Paul gives 4 principles for Christian liberty in 1 Corinthians 10:23-33: 1) edification over gratification (v. 23); 2) others over self (v. 24); 3) liberty over legalism (vv. 25-27); and 4) condescension over condemnation (vv. 28-30).
Commentary from the MacArthur study Bible, notes for 1 Corinthians 10:23-30.
Though it might not always feel like it, jobs are a blessing. Our work allows us to utilize God-given talents, provide for our families, and grow both personally and professionally. See 1 Corinthians 10:31. However, when we feel overlooked or sense that our contributions aren’t valued, emotions like anger or envy get in the way. What should be a source of delight and fulfillment becomes drudgery we avoid at all costs.
The trouble starts when we think of ourselves as individuals rather than as members of the community. We are here to serve and help one another, after all – not to be served (Matthew 20:20-28). That’s why God’s Word says, “Do nothing from selfishness or empty conceit, but with humility consider one another as more important than yourselves” (Philippians 2:3). Putting ourselves last allows us to lay petty concerns down instead of becoming defensive. Then we can experience freedom in the truest sense of the word.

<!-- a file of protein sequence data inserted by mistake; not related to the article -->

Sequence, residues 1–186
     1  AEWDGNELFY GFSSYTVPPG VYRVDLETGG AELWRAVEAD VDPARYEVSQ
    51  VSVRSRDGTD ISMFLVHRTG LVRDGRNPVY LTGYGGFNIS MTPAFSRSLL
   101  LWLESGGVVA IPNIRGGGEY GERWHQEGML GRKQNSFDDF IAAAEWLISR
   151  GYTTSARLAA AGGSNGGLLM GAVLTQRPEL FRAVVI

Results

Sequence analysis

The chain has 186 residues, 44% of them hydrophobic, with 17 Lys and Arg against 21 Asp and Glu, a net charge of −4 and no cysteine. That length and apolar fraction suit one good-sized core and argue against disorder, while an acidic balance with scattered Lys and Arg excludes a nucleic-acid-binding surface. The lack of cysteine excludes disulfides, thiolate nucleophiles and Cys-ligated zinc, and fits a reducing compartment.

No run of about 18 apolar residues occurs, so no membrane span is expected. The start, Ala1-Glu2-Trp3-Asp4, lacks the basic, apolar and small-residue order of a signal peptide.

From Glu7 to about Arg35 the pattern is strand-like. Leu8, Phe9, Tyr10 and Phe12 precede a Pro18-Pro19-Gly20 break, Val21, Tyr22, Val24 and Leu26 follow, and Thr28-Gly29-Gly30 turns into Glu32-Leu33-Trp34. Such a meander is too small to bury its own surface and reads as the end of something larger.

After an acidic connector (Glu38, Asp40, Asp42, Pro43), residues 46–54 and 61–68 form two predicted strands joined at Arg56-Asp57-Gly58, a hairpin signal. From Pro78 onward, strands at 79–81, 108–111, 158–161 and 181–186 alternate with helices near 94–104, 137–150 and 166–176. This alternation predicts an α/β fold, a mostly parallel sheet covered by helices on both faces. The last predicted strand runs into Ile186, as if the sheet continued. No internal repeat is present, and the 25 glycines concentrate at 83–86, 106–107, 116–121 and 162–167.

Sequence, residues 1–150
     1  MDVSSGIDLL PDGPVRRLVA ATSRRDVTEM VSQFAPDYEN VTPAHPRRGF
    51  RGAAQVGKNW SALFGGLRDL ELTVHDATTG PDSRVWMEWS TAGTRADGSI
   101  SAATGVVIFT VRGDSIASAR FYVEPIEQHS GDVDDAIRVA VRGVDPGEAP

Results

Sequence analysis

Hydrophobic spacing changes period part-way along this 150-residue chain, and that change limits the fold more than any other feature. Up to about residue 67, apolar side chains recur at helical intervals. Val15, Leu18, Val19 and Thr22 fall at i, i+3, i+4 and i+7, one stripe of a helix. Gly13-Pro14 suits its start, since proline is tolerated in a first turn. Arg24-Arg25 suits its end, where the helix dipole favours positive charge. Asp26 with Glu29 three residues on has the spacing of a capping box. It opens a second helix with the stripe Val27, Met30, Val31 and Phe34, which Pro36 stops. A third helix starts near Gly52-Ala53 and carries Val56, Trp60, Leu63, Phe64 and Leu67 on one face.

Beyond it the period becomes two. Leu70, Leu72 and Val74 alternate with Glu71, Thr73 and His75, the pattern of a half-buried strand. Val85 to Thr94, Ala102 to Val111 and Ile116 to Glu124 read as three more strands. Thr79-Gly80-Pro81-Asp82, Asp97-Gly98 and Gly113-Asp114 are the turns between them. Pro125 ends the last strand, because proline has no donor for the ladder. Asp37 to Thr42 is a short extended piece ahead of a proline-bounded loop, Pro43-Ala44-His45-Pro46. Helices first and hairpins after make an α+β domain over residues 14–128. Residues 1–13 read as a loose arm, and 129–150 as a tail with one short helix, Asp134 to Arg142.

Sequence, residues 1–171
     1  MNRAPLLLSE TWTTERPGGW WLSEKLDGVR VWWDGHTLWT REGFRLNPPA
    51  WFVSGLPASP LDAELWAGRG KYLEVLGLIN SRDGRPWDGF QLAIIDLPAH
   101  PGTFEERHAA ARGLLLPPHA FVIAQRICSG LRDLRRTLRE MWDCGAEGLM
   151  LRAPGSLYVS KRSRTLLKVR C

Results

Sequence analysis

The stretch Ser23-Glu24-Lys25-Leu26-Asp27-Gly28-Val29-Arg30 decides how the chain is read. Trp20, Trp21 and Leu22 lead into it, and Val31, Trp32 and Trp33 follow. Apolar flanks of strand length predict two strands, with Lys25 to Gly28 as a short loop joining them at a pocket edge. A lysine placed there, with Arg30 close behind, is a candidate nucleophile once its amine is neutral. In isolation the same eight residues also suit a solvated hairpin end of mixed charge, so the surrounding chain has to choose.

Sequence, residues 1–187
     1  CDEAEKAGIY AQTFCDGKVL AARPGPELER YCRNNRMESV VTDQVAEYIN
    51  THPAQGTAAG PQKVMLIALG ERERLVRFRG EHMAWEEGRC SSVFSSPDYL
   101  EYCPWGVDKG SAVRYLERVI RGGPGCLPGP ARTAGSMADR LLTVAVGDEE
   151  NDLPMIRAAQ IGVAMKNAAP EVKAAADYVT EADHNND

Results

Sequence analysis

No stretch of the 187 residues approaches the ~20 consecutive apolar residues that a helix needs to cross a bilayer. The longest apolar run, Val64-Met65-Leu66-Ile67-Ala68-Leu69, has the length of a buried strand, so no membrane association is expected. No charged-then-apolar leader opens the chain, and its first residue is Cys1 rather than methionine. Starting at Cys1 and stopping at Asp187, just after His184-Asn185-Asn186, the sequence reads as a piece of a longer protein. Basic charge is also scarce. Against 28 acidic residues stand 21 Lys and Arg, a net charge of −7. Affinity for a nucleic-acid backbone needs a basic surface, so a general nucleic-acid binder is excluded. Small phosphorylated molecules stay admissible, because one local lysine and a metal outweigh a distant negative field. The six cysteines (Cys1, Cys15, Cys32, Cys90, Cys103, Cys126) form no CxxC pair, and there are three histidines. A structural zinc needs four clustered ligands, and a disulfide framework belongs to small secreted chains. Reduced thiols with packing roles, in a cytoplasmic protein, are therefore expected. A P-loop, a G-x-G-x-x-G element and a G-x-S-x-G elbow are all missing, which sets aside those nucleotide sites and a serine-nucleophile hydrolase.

The In Touch devotional by Charles Stanley, December 19, 2021.
“…[E]steem others better than himself” (verse 3), is the basic definition of true humility (Romans 12:10; Galatians 5:13; Ephesians 5:21; 1 peter 5:5). Christ is the ultimate example of selfless humility (Matthew 11:29; John 13:12-17).
Commentary from the MacArthur study Bible, notes for Philippians 2:3,5.
The amount of money we have is not so important as the way we use it. Rich people can be generous or stingy – and so can those with less money. What is your attitude toward your possessions? Do you hoard them selfishly, or do you use them to bless others?
Commentary from the One Year NIV Devotional NT, July 8. Tyndale House Publishers, Inc. 2003.